Realme went on a launch spree in 2019 and this year looks to be no different, with several smartphones and other devices rumoured to be in the pipeline. The Realme 5-series had been one of the most appreciated budget smartphone range last year and it would seem that the former OPPO sub-brand is keen on capitalising on this reputation.
The Realme 5S (review) launched late last year was a slightly watered-down version of the Realme 5 Pro (review). Now a fourth smartphone in the lineup has been made available called the Realme 5i which, by all accounts, is all but identical to the Realme 5 (review) and will be replacing it. I got my hands on the Realme 5i, which starts at Rs 8,999, to make some sense of it and here is what I think.
With nearly unchanged internals from the Realme 5, and but more RAM and storage for the base variant, the Realme 5i is undoubtedly a compelling phone in the budget segment. The only worthwhile competition to the device is the Redmi Note 8 (review) which is priced higher by a mere Rs 1,000.
Design and display
Identical to the point you could easily swap one from the other without knowing the difference, the Realme 5i takes design cues from the Realme 5, all the way from the waterdrop notch on the front to the vertical camera module on the back. Oh wait, there is one difference – the texture on the back. The Realme 5i has opted for a unique sunrise design in place of the diamond-cut pattern on the Realme 5. The Realme branding is in the same place at the back, the frame is made from the same polycarbonate material, the fingerprint reader is at the same position and it has the same ports at the bottom along with the volume rocker buttons on the left side and the power button on the right.
As far as in in-hand feel is concerned, the devices also have an identical weight ie. 198 gm, owing to the beefy 5,000mAh battery. That being said I can use the phone with one hand, which is generally not the case with phones that are large and heavy. This could be due to the curved back which helps provide a firmer grip on the phone. The Realme 5i comes in two colours, Aqua Blue and Forest Green, of which we received the former for review. The buttons are tactile enough for a budget device but they did appear to be slightly flimsy. The phone offers the user dual-SIM connectivity along with a dedicated microSD card slot.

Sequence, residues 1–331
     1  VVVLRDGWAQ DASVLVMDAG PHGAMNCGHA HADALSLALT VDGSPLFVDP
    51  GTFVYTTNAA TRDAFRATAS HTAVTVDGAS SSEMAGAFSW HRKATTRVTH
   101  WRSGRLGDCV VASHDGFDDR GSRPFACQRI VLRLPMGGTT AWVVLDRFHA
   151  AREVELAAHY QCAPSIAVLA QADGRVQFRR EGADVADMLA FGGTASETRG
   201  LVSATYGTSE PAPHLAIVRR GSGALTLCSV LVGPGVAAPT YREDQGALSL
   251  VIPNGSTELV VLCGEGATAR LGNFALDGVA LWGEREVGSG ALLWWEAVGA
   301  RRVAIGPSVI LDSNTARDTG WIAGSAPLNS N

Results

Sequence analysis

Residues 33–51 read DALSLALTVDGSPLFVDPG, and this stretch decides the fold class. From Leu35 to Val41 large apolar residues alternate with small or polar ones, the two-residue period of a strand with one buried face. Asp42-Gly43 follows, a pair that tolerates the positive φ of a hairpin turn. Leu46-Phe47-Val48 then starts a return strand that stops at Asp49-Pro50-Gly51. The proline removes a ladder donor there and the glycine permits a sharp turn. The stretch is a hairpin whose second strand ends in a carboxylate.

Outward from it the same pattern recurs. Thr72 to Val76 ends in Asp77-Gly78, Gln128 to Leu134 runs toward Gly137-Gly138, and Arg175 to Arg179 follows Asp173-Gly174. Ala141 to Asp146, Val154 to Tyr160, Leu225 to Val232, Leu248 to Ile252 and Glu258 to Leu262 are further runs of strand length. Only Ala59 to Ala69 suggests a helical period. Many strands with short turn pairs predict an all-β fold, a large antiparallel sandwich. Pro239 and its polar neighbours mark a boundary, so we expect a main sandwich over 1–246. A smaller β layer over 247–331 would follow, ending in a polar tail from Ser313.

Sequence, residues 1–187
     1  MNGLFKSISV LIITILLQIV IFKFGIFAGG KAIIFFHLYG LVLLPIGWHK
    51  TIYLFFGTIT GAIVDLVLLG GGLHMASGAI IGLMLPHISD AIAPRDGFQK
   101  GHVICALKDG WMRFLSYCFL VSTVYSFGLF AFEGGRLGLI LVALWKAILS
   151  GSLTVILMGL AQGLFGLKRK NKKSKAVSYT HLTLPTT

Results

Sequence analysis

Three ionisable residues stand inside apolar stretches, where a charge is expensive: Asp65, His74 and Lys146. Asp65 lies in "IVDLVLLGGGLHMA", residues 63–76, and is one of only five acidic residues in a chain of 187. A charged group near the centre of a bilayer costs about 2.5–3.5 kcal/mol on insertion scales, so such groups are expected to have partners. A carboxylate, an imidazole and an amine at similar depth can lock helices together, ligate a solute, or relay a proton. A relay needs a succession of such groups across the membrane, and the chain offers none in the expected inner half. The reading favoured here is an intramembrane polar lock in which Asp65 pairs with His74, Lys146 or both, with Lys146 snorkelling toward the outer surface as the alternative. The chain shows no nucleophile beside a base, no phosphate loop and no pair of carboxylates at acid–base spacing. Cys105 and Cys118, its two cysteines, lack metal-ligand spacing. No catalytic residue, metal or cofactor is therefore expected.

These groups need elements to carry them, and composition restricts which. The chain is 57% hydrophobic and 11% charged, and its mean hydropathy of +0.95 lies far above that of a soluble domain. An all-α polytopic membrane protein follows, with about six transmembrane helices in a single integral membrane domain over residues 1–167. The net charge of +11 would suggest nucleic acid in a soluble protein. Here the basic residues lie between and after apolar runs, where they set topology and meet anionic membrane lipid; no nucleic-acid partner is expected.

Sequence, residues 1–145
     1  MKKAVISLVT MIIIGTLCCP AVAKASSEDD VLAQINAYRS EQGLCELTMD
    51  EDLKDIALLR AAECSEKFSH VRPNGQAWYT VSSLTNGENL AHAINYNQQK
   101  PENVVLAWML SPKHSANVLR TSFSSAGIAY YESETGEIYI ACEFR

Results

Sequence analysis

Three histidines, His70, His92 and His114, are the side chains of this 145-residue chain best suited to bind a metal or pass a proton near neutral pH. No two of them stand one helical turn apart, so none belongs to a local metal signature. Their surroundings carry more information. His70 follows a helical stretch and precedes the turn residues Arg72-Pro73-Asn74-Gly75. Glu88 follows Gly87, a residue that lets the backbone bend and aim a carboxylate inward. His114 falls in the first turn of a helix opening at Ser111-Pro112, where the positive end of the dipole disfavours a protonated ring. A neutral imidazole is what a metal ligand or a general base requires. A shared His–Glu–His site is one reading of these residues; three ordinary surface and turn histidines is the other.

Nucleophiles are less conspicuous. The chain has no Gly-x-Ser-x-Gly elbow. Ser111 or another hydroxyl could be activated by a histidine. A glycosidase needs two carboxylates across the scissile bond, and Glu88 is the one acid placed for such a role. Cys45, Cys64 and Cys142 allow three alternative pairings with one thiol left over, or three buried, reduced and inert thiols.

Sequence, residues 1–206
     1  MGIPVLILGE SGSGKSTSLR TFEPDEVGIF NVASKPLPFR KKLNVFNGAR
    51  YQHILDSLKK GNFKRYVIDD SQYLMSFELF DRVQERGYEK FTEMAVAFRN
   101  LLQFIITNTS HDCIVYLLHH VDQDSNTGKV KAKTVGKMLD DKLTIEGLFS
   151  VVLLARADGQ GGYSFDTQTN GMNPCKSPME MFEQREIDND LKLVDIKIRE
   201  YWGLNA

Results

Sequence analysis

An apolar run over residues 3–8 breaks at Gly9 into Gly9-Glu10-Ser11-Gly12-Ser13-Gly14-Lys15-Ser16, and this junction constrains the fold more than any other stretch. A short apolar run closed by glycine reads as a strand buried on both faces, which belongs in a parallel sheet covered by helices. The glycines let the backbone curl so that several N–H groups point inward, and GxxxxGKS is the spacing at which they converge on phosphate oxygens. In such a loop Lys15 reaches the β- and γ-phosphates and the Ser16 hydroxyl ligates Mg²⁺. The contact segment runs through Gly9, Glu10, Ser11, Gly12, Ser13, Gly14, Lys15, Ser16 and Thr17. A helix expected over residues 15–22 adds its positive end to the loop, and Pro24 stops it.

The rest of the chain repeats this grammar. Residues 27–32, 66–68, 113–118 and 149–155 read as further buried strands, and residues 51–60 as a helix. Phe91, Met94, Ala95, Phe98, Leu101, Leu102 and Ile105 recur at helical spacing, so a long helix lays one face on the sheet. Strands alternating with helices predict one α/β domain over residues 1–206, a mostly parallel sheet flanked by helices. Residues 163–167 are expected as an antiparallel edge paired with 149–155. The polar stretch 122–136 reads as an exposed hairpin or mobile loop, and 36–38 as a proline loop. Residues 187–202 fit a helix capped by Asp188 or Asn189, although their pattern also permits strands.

The display on the Realme 5i is a 6.5-inch HD+ IPS LCD panel, which is again the same as that of the Realme 5, and if you read our review of the latter you will get a fair idea of the new phone’s display quality. In summary, you will have no problem using the display in bright sunny conditions but it isn’t as punchy as say, the Redmi Note 8 and also there is no Widevine L1 certification, so you can’t view HD content on Netflix or Amazon Prime.
We have come a long way from dual cameras on a budget smartphone being considered a novelty, to phones that boast quad cameras under Rs 10,000. Realme was a pioneer for this trend with the announcement of the Realme 5, and the same camera has been ported on to the Realme 5i. Therefore, you get a 12MP primary sensor with an f/1.8 aperture along with an 8MP wide-angle camera with an f/2.25 aperture, a 2MP macro camera, and a 2MP depth sensor.
The overall UI for the camera app is quite simplistic and easy to use, although it would help if Realme could bring some of its camera features such as ultra macro into more prominence rather than let them remain buried under the quick toggle menu. As a budget phone, Realme 5i’s image capturing prowess is not its strongest suit but it does a decent job nonetheless. Daytime shots are vibrant, albeit a bit oversaturated. Dynamic range could be spotty every now and then (depending on where the sunlight is coming from) but overall it manages to impress in most situations. The details on each photo, even after zooming in, were to my satisfaction.
In comparison, images shot in the wide-angle mode show a bit of distortion at the edges, and with the lens being of lower resolution, the details captured appear soft on occasion. At night, the ultra-wide is just not usable. The macro mode is just about good enough to deliver detailed shots at a distance of about 4cm from the subject, but is bad at accurate colour reproduction which is a qualm we had from the Realme 5 as well. Then there’s the depth sensor which, in most cases, accurately judges the distance of the subject from the background to offer a nice bokeh shot. Realme also has a separate option that can be used to customise the amount of background blur on the subject which is nice to see.